[youtube=http://www.youtube.com/watch?v=H1qc7VlGk1w] This commercial makes me so angry–it embodies pretty much everything that’s wrong with the state of fitness and nutrition in our country today. There are so many things wrong with commercial that it’s almost hard to find a place to start. So I’ll do my best to focus on the main reason why this seemingly innocuous Cheerios commercial makes my blood boil. Looking past the fact that I no longer agree with the contention that the whole grains in Cheerios are part of a “heart healthy breakfast,” the majority of my ire today comes from the last line: “But you still have to go to the gym.”+ Now, as a certified personal trainer and an incurable gym rat, I’m happy that General Mills is suggesting that fitness is an important part of anyone’s “heart health” and “weight loss” regime; however there’s a more insidious message behind the commercial, and it contains that ugly, 7-letter “C-word.” Calories. (If I never have to hear the word again, it will be too soon.) The crux of this commercial’s message is: no matter how healthily you eat, if you don’t burn it off, you’ll get fat. (And Cheerios carries disordered food messages throughout much of its marketing strategy. Dr. Deah Schwartz, a Health At Every Size blogger, did a great post on the disordered implications of its “more whole grains, less you” message on Peanut Butter Cheerios boxes). Here’s the thing: calories in vs. calories out does work. But only for so long. It goes something like this: I start eating well and working out. I eliminate processed foods but don’t change...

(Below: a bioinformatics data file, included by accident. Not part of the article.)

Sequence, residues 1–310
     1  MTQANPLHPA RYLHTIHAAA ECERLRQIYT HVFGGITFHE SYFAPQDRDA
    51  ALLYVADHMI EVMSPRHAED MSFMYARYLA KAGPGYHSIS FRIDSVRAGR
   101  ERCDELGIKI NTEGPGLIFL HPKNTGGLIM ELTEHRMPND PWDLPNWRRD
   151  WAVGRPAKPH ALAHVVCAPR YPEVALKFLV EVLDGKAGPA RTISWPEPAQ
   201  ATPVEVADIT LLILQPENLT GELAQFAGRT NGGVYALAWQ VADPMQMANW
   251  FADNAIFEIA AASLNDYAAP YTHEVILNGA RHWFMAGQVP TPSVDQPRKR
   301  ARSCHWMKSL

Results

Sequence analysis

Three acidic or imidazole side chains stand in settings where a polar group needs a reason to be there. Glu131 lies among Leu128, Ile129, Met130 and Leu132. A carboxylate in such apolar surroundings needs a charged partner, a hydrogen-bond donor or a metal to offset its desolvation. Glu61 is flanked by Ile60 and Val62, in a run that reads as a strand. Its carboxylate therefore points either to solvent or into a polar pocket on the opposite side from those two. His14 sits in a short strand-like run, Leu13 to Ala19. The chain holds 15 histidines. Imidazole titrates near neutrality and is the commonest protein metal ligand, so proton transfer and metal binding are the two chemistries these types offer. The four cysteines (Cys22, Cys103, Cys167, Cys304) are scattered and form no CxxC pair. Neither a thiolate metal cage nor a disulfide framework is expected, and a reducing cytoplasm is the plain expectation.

The Promised Land